Why would a busy 56 year old sports surgeon, previously fit and active, but now struggling with knee arthritis, decide to have a high tibial osteotomy at the other end of the world rather than choosing a straightforward knee replacement at home?
Dr Mark Ferguson researched his options, and decided to fly from Johannesburg in South Africa to the UK the week before Christmas 2016 to have the procedure to realign the long bones of his knee, with the objective of altering the forces going through the damaged side.
He had watched knee surgeon Professor Adrian Wilson’s presentations on a minimally-invasive osteotomy technique with a precision bone wedge. The combination of the low surgical insult and the strong plate used to fix the cut bones into the new position, means that patients are allowed to walk immediately and take full weight through the operated leg. Dr Ferguson was already struggling to walk, and felt that this would be his best option to relieve his knee pain, delay the inevitability of a knee replacement and get him back to work quickly.
The history revealed that Mark had had a left-sided high tibial osteotomy back in 2007 and had benefited greatly from this, despite residual evidence of a minor and asymptomatic deep vein thrombosis in the lower leg.
His right knee, too, had been troublesome for a number of years, leading to an arthroscopy with medial cartilage reshaping in 1998, and a further arthroscopy and meniscal surgery in 2005. It was now his major problem, and he was able to get around a golf course but at a very slow rate, and limping heavily.
Mark was experiencing little problem with swelling, and had no instability and no night pain.
On examination he was found to have a varus alignment on the right knee and was in slight valgus on the previously osteotomised left knee. There was a moderate effusion on the right, but no particular tenderness and a full range of motion. The cruciate and collateral ligaments were intact. There was a fair amount of laxity medially because of the deficiency that he has due to his meniscal and chondral pathology.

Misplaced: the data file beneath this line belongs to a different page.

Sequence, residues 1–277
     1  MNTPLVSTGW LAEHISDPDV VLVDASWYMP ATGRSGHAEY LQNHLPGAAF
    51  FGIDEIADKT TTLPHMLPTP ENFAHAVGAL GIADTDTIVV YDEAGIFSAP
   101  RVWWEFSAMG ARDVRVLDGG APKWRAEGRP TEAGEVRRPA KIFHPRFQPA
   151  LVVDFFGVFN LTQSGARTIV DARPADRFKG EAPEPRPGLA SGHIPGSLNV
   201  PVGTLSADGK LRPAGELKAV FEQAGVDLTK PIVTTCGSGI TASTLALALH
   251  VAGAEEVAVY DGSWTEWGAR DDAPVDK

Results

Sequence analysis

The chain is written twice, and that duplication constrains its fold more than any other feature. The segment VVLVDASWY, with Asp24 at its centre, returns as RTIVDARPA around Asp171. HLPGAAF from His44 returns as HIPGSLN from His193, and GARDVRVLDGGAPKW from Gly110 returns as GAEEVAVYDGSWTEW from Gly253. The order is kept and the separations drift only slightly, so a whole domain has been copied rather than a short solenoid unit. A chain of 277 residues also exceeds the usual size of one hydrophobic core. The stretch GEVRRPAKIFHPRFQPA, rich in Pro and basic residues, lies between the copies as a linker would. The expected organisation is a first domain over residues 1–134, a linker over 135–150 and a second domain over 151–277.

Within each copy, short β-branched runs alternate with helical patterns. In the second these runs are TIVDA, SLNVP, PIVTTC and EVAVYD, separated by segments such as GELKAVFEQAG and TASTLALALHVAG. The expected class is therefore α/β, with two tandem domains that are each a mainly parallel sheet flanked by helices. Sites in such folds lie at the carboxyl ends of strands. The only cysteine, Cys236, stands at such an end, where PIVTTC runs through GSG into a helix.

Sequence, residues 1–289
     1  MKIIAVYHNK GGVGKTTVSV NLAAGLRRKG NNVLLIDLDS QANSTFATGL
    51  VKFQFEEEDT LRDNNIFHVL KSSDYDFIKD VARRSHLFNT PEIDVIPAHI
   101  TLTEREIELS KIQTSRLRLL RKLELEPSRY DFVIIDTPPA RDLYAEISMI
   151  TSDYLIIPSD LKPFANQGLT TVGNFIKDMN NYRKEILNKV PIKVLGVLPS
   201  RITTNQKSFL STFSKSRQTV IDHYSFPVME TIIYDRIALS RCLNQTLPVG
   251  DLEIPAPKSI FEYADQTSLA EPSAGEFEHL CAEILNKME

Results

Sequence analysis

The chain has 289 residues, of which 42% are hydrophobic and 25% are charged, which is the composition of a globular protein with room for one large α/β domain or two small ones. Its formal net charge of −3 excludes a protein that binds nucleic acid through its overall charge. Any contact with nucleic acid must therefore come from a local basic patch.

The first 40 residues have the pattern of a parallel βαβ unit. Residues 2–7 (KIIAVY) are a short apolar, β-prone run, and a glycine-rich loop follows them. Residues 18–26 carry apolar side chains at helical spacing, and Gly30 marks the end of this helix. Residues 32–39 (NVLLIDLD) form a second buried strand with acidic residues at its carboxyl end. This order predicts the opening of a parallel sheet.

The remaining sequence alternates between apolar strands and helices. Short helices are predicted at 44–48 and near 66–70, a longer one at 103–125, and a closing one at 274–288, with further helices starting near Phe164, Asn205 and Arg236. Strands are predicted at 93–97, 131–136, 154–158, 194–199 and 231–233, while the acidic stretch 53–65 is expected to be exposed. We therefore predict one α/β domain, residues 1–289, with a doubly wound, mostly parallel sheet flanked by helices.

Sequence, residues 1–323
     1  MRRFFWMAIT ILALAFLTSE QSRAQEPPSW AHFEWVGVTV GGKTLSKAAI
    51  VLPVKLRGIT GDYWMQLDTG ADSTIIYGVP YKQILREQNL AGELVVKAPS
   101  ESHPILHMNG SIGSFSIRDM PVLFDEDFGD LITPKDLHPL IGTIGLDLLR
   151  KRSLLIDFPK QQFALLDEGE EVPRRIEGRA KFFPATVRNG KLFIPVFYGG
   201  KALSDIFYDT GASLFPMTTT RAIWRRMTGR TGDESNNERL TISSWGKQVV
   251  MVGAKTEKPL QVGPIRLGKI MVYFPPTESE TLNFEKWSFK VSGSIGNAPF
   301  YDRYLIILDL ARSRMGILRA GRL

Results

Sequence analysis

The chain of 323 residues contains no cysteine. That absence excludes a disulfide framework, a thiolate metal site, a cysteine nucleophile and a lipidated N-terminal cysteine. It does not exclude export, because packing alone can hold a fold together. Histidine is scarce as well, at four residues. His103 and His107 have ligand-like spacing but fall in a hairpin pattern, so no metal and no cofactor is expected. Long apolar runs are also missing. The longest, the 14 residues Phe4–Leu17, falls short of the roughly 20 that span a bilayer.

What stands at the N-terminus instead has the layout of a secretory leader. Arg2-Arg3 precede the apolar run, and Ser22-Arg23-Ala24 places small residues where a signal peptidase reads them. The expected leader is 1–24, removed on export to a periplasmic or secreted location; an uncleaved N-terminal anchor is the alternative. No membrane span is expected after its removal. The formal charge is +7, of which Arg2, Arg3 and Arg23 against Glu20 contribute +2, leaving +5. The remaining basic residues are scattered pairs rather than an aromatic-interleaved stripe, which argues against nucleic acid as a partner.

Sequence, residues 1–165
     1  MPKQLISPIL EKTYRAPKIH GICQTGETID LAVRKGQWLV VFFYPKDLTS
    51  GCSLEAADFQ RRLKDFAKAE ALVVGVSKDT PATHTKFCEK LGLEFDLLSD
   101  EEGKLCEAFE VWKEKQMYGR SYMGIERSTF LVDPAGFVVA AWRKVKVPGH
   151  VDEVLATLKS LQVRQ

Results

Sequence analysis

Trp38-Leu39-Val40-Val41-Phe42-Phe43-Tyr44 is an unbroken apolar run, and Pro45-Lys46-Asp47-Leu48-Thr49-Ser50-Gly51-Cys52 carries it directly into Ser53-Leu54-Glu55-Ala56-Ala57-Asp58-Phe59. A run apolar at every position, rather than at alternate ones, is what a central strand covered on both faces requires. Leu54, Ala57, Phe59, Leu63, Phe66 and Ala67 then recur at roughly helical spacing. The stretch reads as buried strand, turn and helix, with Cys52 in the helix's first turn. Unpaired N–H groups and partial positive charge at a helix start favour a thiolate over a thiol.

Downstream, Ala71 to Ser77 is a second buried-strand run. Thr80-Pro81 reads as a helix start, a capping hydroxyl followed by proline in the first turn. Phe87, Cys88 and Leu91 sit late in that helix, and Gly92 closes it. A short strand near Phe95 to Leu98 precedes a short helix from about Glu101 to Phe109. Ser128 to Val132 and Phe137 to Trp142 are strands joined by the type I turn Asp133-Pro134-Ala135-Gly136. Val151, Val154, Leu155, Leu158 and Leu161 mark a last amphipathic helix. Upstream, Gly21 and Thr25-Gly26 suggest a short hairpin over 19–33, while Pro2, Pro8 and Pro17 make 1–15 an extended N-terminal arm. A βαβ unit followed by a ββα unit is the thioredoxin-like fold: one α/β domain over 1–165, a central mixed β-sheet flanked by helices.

Imaging & Pre-op Plan
The patient was planned for a medial opening wedge high tibial osteotomy with a 7mm correction.
Pre-operative long leg films showing the computerised calculation of the planned opening wedge.
Intra-operative fluoroscopic image
to show the extent of the opening wedge
The procedure went well, and after 2 nights he was discharged, having reported to his surgeon that after the operation he experienced no pain other than minor discomfort.
Post-operative AP and Lateral X-rays
He continued to do really well, soon being able to bend to 90 degrees and pain free. He was back at work as an orthopaedic surgeon at 6 weeks following the procedure.
High tibial osteotomy (HTO) is a procedure to realign the long bones of the leg and alter the fores going through the joint surfaces.
Testimonial from Mark Ferguson
“Having been involved in a busy sports practice for the last 22 years, a lot of those professional and recreational athletes I treated then are now starting to present with early degenerative problems of their knees. I now found myself in a similar position.
“This posed a treatment problem as unfortunately in South Africa we seem to have followed the USA trend of stretching the indications to do artificial joint replacements in patients in their 5th and 6th decades. Although the procedure of osteotomy around the knee to correct abnormal alignment and unload degenerative cartilage damage has been around for a long time the concept of its use for “joint preservation” is a simple change in philosophy employed by Prof Wilson. Traditionally it has been difficult to convince a patient to undergo an osteotomy as it was a painful operation with a lengthy postoperative morbidity and variable outcomes. Patients were often more inclined to opt for a more permanent knee replacement and worry about any consequences as they arose. As a relatively active sportsman I wanted an alternative to the knee replacement option.
“Professor Wilson at the Candover Clinic, using advanced digital software to accurately plan the procedure, has however developed a minimally invasive technique using precision instruments. In association with his anesthesiology team this has resulted in a relative painless preservation operation with a quicker recovery, improved outcomes and the possible avoidance of future surgery. So in my research to find an internationally acclaimed Centre of Excellence that specialises in joint preservation my choice of Prof Wilson and his team at the Candover Clinic was a simple one ensuring an early return to my work and confident in his expectations for my knee.”
On Alter G (gravity-reducing treadmill)
On Alter G
Walking at 3 weeks, pain free
On an exercise bike 2-3 weeks post-op
Walking pain free